The answer is I have absolutely no idea. I have no clue why I need to have Saunders (or Junot Diaz or Zadie Smith or Dinaw Mengestu) in hardcover and not on a screen. I hope (I really hope) it’s not because I’m so tied up in owning something that I can show off on my bookshelf, though if I’m being honest with myself I’m sure that has something to do with it.

But I also think it has to do with something tactile, some deep thing in my subconscious where I feel the need to physically connect, in whatever small way, with the authors I truly admire, the ones I want to be like, the ones who give me shivers and keep me up at night. The ones that make me reconsider the way I live my life.

Perhaps I am old-fashioned, and perhaps this will change soon, but for now, I cannot get that through a screen. I cannot dog-ear the pages until they are battered and bruised, stained by my thumbprints, ripped and coffee-stained and worn. I cannot scribble a little note to myself in the margin of my Kindle. (I’m sure some e-readers have that function now. Mine does not.) I cannot smell the paper and ink.

These could just be the ramblings of an old soul, a young man nostalgic for some time I never knew and cannot possibly remember. But as a member of probably the last generation ever to grow up with paper, glue, and ink, I believe I’m allowed to wax poetic on its impending death. Though who knows? These e-readers may all just be a fad, a funny footnote in a history book our grandkids will read, many years from now, printed on good old fashioned paper. What a thought.

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Nathan Savin Scott is a freelance writer who lives in Washington, DC. He has appeared in Newsweek, ESPN, USA TODAY, Thought Catalog and elsewhere. He is finishing his first novel.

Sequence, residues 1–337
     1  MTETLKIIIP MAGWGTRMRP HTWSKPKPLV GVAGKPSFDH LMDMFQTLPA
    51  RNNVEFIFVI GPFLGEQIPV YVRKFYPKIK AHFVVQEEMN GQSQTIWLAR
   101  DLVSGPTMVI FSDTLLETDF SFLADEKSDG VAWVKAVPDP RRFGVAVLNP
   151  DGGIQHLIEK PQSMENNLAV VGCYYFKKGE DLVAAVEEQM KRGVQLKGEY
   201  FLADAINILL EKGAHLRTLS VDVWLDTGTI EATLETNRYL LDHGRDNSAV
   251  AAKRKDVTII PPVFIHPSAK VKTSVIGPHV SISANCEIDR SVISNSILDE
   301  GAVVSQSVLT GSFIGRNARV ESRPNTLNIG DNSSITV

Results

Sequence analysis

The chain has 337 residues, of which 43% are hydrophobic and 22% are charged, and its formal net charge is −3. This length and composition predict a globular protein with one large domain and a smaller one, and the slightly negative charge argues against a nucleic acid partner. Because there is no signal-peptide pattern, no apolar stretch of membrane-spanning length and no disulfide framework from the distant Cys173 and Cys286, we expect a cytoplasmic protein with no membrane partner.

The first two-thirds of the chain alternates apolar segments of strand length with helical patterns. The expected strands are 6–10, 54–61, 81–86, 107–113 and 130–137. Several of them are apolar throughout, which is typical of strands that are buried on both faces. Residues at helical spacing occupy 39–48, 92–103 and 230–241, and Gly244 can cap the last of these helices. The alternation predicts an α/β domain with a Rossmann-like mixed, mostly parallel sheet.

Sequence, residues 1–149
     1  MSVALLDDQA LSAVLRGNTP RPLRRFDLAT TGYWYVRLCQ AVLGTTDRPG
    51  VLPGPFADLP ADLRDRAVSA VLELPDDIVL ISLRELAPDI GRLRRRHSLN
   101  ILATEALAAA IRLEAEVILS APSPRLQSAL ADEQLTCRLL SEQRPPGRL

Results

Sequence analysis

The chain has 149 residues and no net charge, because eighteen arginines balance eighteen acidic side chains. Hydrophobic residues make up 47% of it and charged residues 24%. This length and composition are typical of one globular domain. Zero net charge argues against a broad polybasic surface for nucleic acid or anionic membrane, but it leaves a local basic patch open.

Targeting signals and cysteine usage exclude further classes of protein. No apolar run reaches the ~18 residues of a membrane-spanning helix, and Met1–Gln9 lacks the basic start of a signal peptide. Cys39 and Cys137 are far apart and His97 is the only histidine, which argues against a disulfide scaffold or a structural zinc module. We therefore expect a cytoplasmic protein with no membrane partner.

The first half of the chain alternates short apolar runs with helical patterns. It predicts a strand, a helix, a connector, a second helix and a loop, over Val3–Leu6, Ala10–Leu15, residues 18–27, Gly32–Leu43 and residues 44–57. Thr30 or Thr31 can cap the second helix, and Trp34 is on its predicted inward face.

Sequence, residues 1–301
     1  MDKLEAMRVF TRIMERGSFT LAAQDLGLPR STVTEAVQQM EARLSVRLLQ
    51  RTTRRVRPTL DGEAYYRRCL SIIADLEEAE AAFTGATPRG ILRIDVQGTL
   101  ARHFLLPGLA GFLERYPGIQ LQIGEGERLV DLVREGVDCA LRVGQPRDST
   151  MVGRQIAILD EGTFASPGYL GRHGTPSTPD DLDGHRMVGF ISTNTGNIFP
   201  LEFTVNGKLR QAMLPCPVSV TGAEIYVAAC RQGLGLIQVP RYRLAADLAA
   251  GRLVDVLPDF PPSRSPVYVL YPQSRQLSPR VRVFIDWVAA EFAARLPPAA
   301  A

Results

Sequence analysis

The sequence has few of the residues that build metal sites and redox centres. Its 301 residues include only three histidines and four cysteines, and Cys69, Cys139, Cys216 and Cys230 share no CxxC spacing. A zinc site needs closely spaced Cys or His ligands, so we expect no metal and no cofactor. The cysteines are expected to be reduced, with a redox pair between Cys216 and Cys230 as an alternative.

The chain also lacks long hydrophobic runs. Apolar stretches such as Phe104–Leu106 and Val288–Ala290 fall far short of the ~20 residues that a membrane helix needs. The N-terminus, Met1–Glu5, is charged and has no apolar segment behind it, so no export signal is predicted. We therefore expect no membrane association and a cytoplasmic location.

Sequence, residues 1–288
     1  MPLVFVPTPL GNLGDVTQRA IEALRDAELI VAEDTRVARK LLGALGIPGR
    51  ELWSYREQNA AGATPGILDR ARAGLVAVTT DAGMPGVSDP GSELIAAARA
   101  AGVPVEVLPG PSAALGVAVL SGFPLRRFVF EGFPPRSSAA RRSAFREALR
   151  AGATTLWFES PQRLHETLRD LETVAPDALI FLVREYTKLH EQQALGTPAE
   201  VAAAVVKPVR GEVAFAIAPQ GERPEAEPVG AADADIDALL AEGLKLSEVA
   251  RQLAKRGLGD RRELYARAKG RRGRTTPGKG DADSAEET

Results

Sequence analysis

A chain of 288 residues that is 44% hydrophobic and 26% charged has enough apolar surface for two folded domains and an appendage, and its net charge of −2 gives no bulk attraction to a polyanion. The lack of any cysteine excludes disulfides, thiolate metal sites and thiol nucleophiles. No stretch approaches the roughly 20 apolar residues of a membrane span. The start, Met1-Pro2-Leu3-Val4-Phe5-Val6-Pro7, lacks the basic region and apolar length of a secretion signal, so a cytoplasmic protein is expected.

4 Responses to “How We Read”

  1. avatar Tara Kusumoto says:

    What a great piece Nathan – thanks for sharing! I, too, am a reading omnivore, and am pretty much in agreement with your “assignments” to Kindle vs. “real” book. The one exception would be nonfiction reference books, which I need to hold and flip through and go back to – I’m still not comfortable doing that on the Kindle. Going to check out Readability and Klip.me now…

  2. I’m afraid that I’ve been converted almost completely. The only way I’d buy a paperback or hardcover book anymore is if it’s at a book signing of an author I admire and I want the book signed. Otherwise, I love my Nexus 7 Google Tablet with the Kindle App installed. And I’m a big note taker when I read, so I can take notes right there in the book itself!

    I used to be so against e-readers and e-books, but now I ebrace it. Maybe it’s also because I’m in the Army and I know I’ll have to move every 3 years. I grew up with a father who used to own 10,000+ books. Packing and moving and lifting all of those boxes, was not fun.

  3. avatar Mireidys Garcia says:

    I knew you were going to say poetry should be savored and saved for the intimacy of a book – or at least I was hoping you would. Great article!

  4. Quote: “But I also think it has to do with something tactile, some deep thing in my subconscious where I feel the need to physically connect, in whatever small way, with the authors I truly admire, the ones I want to be like, the ones who give me shivers and keep me up at night. The ones that make me reconsider the way I live my life.”

    What an interesting thought – a print book as a tactile medium to connect to an author, or perhaps a ‘piece’ of author in your hands. Holding a print book is like embracing your favourite author, and holding a Kindle is like holding a library in your hands – your favourite author becomes just one of many. You cannot embrace a crowd, can you?

    Very sensuous article…